{¶ 7} A sheriff's sale of the property was held in May 2002.   Huntington National Bank made an opening bid in the amount of $33,334.   Robert L. Burton, who had previously inspected the exterior of the property, attended the sheriff's sale and bid $41,500 for the property, which was accepted.   After the sale, Burton made a ten percent down payment to the Clark County Sheriff's Department.

{¶ 8} In June 2002, prior to the confirmation of the sale, Burton filed a motion to set aside or vacate the sale, alleging that the property had been found to be a health hazard due to mold and that the appraisal of the property was wholly inadequate.   Huntington National Bank filed an opposition to the motion, contending that the sale should be confirmed based on the doctrine of caveat emptor.   After a hearing on the motion in June 2003, the trial court granted Burton's motion ordering that the sale of the property be set aside and vacated and that the Clark County Sheriff return to Burton his deposit on the property.   Because Burton had relied on the appraised value of the property and the property had no real value, the trial court found that to confirm the sale would be unconscionable.   From the judgment of the trial court, Huntington National Bank appeals.

II

{¶ 9} Huntington National Bank's assignments of error are as follows:

{¶ 10} “The trial court abused it [sic] discretion by failing to protect the interests of the mortgagor/debtor and the mortgagee/creditor in the foreclosure action.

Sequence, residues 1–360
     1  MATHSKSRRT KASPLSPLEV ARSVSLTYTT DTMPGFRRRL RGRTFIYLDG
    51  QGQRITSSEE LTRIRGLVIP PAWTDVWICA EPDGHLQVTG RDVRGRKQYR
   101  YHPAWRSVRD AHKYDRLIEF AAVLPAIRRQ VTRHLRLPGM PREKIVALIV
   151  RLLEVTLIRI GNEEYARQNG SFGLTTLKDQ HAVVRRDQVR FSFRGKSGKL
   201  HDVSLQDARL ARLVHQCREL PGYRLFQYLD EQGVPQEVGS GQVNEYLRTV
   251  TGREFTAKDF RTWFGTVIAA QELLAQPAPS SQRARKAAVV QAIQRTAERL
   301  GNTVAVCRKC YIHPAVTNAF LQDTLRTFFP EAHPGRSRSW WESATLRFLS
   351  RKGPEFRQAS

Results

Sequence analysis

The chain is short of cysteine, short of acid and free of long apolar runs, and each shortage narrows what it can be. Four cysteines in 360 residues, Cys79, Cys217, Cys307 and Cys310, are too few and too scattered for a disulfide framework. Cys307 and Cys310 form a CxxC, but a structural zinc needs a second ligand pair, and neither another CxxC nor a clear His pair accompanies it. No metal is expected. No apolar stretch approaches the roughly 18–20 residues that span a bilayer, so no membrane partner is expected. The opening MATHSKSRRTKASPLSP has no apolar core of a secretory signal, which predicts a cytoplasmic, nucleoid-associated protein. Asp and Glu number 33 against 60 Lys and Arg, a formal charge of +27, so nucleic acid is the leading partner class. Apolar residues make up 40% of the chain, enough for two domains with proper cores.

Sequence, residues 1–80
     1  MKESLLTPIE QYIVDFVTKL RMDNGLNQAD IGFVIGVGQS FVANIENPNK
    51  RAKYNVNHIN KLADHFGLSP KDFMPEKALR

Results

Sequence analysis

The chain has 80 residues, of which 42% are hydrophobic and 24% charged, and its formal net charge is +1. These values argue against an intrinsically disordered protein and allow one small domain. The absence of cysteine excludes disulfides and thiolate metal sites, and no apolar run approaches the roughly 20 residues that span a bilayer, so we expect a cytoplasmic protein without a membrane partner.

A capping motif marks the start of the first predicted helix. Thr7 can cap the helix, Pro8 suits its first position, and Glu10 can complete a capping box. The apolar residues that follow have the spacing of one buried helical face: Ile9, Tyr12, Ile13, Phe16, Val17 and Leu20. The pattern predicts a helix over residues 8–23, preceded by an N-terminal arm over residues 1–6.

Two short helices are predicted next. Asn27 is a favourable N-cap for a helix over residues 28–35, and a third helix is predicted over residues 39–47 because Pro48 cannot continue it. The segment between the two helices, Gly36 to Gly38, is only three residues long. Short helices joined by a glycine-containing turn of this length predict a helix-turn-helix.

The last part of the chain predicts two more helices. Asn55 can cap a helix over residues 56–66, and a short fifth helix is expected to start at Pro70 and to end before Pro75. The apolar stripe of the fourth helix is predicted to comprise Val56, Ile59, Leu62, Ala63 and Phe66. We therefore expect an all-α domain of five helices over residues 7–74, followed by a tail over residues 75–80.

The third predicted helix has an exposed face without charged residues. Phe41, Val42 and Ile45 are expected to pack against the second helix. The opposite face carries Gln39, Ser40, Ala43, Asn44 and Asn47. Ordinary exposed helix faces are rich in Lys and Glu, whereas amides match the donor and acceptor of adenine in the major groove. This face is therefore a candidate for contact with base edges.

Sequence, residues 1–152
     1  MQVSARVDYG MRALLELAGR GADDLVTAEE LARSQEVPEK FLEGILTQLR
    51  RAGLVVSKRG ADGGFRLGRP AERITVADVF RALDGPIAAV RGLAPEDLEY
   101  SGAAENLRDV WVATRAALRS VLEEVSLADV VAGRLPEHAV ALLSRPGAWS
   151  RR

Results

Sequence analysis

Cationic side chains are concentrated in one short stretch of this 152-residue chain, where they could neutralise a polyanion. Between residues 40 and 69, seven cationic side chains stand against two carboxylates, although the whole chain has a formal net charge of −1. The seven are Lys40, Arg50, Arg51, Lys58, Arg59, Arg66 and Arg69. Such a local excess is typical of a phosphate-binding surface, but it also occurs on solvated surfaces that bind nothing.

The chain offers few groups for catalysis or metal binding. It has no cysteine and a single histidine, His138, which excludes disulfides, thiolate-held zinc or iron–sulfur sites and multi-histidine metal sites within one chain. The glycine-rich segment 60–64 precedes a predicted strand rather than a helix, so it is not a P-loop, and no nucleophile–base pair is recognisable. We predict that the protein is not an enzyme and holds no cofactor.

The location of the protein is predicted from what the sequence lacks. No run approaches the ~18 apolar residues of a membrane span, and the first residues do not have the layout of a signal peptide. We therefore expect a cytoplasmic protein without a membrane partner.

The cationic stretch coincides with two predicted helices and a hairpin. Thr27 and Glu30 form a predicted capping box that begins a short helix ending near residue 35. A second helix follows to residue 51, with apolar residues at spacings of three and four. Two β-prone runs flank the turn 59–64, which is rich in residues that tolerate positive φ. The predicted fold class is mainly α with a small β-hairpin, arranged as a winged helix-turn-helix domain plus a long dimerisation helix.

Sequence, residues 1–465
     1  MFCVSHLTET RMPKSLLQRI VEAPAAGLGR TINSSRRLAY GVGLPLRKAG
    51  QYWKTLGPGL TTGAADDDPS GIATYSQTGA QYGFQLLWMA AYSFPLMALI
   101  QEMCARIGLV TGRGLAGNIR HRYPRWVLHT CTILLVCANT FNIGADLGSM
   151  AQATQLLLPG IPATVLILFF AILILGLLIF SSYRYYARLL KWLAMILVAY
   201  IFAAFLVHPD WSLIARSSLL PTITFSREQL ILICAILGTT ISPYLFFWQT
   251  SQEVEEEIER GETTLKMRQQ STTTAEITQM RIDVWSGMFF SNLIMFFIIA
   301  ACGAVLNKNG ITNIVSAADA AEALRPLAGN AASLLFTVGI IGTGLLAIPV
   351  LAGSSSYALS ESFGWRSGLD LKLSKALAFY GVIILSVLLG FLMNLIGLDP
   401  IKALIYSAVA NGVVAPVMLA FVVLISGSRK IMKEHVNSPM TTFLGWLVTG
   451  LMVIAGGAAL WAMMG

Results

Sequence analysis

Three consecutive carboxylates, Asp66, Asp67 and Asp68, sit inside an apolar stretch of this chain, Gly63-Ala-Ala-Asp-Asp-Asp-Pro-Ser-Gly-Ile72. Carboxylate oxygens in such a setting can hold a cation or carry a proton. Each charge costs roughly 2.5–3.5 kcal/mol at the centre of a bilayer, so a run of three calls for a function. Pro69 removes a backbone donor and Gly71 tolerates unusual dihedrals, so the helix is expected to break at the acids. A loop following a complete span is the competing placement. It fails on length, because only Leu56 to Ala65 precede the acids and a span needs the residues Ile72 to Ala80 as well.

{¶ 11} “The trial court abused its discretion by failing to apply the doctrine of caveat emptor to the sale in question and to the third-party purchaser.

{¶ 12} “The trial court abused its discretion by failing to give finality to judicial sales by vacating the sale based upon a lack of value for the purchaser.”

 {¶ 13} Because Huntington National Bank's assignments of error are intertwined, we will address them together.   Huntington National Bank contends that the trial court abused its discretion because (1) it failed to protect the interests of the mortgagor/debtor and the mortgagee/creditor;  (2) it failed to give finality to the judicial sale;  and (3) it failed to apply the doctrine of caveat emptor.   Huntington National Bank contends that the primary goal of a foreclosure sale is to protect the interests of the mortgagor-debtor and to ensure that the mortgagee-creditor receives payment for unpaid debts.   Huntington National Bank contends that a corollary to this goal is the desire to obtain the maximum amount of money from a sheriff's sale of property.   Huntington National Bank argues that these goals are to benefit the parties, not a third-party purchaser.   Huntington National Bank also contends that the general policy of the law is to give judicial sales finality.   In addition, Huntington National Bank contends that the doctrine of caveat emptor applies to third-party purchasers at judicial sales, and, therefore, Burton is bound by his actions.

 {¶ 14} A trial court may confirm or vacate a sheriff's sale of property, but it must exercise sound discretion in doing so.  Reed v. Radigan (1884), 42 Ohio St. 292, 294, 1884 WL 239.   A trial court's decision refusing confirmation of a sale of property by the sheriff will not be reversed by a reviewing court absent an abuse of discretion.  Laub v. Warren Guarantee Title & Mtge. Co. (1936), 54 Ohio App. 457, 468, 23 Ohio Law Abs. 514, 8 O.O. 220, 8 N.E.2d 258.   A trial court abuses its discretion when it makes a decision that is unreasonable, arbitrary, or unconscionable.   Blakemore v. Blakemore (1983), 5 Ohio St.3d 217, 219, 5 OBR 481, 450 N.E.2d 1140.